Despite a plethora of bad news, BMO Financial Group Global Portfolio Strategist, Don Coxe, recently urged investors to continue to maintain a positive attitude toward commodity stocks.
Because, during the 1970s, commodity stocks gave positive real returns at a time most other stocks were giving real negative returns, Coxe advised in his Basic Points: The Traders of the Lost Arc report.
Although China is experiencing its worst inflation pressures in more than 15 years, the 100 Year winter storms were devastating and the nation is enduring the aftermath of one of its most damaging earthquakes, Coxe said, we don't believe that China will collapse: it will continue to grow, albeit more slowly.
India is a more serious near term risk, according to Coxe. India is the biggest loser from the dramatic price changes in oil, gas and grains. Its terms of trade have shifted negatively, and the fragile ruling Parliamentary coalition may well be forced into bad economic policies because of the power the food crisis gives to the Community Party.
Coxe also forecast that many other Emerging Market economies will be struggling.
Nevertheless, Cox noted, Those oil revenues are piling up from Alberta to the Gulf, and the proceeds can't entirely be invested in skyscrapers and ski slopes. The ace in the hold [in the ground] for commodity stock investors is that the value of their unhedged reserves in the ground could rise dramatically if futures curves continue to switch from backwardation toward contangos amid fears of rising inflation.
The key to attracting sufficient capital investment to bring on the supplies needed for the next decade may be the high prices in contangos that convince governments and corporations that returns on capex will continue to grow, he added.
Among Coxe's investment recommendations are:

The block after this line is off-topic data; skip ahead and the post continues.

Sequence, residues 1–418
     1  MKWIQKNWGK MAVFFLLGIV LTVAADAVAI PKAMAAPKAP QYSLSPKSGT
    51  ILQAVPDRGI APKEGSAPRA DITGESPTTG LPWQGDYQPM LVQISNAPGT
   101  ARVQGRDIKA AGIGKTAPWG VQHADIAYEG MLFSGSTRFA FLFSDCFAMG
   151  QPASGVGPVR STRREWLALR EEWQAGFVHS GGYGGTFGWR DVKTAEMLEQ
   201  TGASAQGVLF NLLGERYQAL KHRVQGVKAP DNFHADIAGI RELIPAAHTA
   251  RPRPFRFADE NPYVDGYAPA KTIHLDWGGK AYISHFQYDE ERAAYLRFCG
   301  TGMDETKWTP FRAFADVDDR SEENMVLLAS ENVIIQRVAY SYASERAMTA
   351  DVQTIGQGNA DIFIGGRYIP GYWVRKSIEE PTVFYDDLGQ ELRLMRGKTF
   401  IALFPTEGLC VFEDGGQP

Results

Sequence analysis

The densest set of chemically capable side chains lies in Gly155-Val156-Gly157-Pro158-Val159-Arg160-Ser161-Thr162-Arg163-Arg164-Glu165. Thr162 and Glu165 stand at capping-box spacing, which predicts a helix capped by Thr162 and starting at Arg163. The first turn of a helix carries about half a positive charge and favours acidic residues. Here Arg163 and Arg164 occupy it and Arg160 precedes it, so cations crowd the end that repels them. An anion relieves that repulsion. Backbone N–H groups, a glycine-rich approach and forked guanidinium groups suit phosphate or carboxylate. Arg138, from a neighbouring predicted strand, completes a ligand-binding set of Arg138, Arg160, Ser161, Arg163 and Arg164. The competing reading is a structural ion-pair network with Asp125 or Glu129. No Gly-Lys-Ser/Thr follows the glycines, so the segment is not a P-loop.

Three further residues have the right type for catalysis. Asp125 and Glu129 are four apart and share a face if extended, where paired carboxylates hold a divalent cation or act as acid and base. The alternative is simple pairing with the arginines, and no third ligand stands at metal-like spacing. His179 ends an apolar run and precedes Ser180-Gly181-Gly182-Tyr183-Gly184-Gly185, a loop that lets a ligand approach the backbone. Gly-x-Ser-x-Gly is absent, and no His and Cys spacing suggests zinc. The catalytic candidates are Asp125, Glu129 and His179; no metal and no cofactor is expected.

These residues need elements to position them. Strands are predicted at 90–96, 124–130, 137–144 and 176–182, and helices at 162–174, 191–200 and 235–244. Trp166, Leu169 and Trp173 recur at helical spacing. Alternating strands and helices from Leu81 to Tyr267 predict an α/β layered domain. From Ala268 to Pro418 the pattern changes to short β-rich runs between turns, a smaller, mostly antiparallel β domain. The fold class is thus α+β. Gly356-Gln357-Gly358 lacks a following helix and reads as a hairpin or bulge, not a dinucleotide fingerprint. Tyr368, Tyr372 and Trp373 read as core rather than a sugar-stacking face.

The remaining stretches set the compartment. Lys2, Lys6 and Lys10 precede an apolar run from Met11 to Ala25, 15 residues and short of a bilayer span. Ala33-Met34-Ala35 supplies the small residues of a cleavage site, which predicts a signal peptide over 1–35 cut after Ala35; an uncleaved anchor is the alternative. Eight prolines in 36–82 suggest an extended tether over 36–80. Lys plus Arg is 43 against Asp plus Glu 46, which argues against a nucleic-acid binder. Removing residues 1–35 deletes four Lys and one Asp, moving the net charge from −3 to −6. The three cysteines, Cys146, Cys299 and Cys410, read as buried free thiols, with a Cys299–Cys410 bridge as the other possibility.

ü Gold and gold stocks become more attractive each week that global food and fuel costs rise along with writedowns on bank balance sheets.
ü Until the U.S. financial stocks stop declining, rallies in the S&P or NASDAQ are selling opportunities.
ü The dollar failed to rise significantly even as U.S. stocks were rallying and economic forecasters were declaring that the worst of the housing problems were over. If it goes to a new low, it will drive even more global investment funds into commodities and/or commodity stocks.
ü Build exposure to the leading agricultural stocks.
In his report, Coxe unveiled the creation and the offering of the Coxe Commodity Strategy Fund by more than a dozen Canadian investment banks to investors was completed. This Closed-End Fund blew through the Syndicate's cap of $250 million and reached the Syndicate's discretionary level, totaling $297.5 million, he said.
There have been better times to launch a commodity stock fund, Coxe admitted, but our view that this supercycle will last through the next decade remains unchanged. It is now trading on the TSX at COX.A.
A WELL-DESERVED THRASHING IN NOVEMBER
It took too long in coming, but Congressional Republicans should get a well-deserved thrashing in November, Coxe asserted.
At the Congressional level, it should be a Democrat landslide as angry voters ‘throw the bums out.' The early evidence of deep-rooted revulsion is impressive: Three Republican stronghold seats have fallen by special elections, he noted.
Apart from voters' willingness to punish Republicans for their betrayal of party principles, the GOP is blamed for the economy's great problems. Not only is consumer confidence low and falling, but for the first time in the history of such surveys, a majority of respondents predicated a decline in their incomes in the next 12 months.
Meanwhile, presumptive Republican presidential nominee John McCain is up against the greatest spellbinding Democratic Presidential orator since William Jennings Bryan, Coxe declared. Most importantly, this charismatic and utterly engaging young man is biracial, marking him a sort of a political Tiger Woods.
He is, at the minimum, the most attractive major party candidate since Reagan.
The nation is offered its best choice of attractive candidates in many years, Coxe asserted. An Obama win would be a feel-good result. A McCain win would be a feel-safe result. As Warren Buffet has said, whoever wins, American should be in good hands.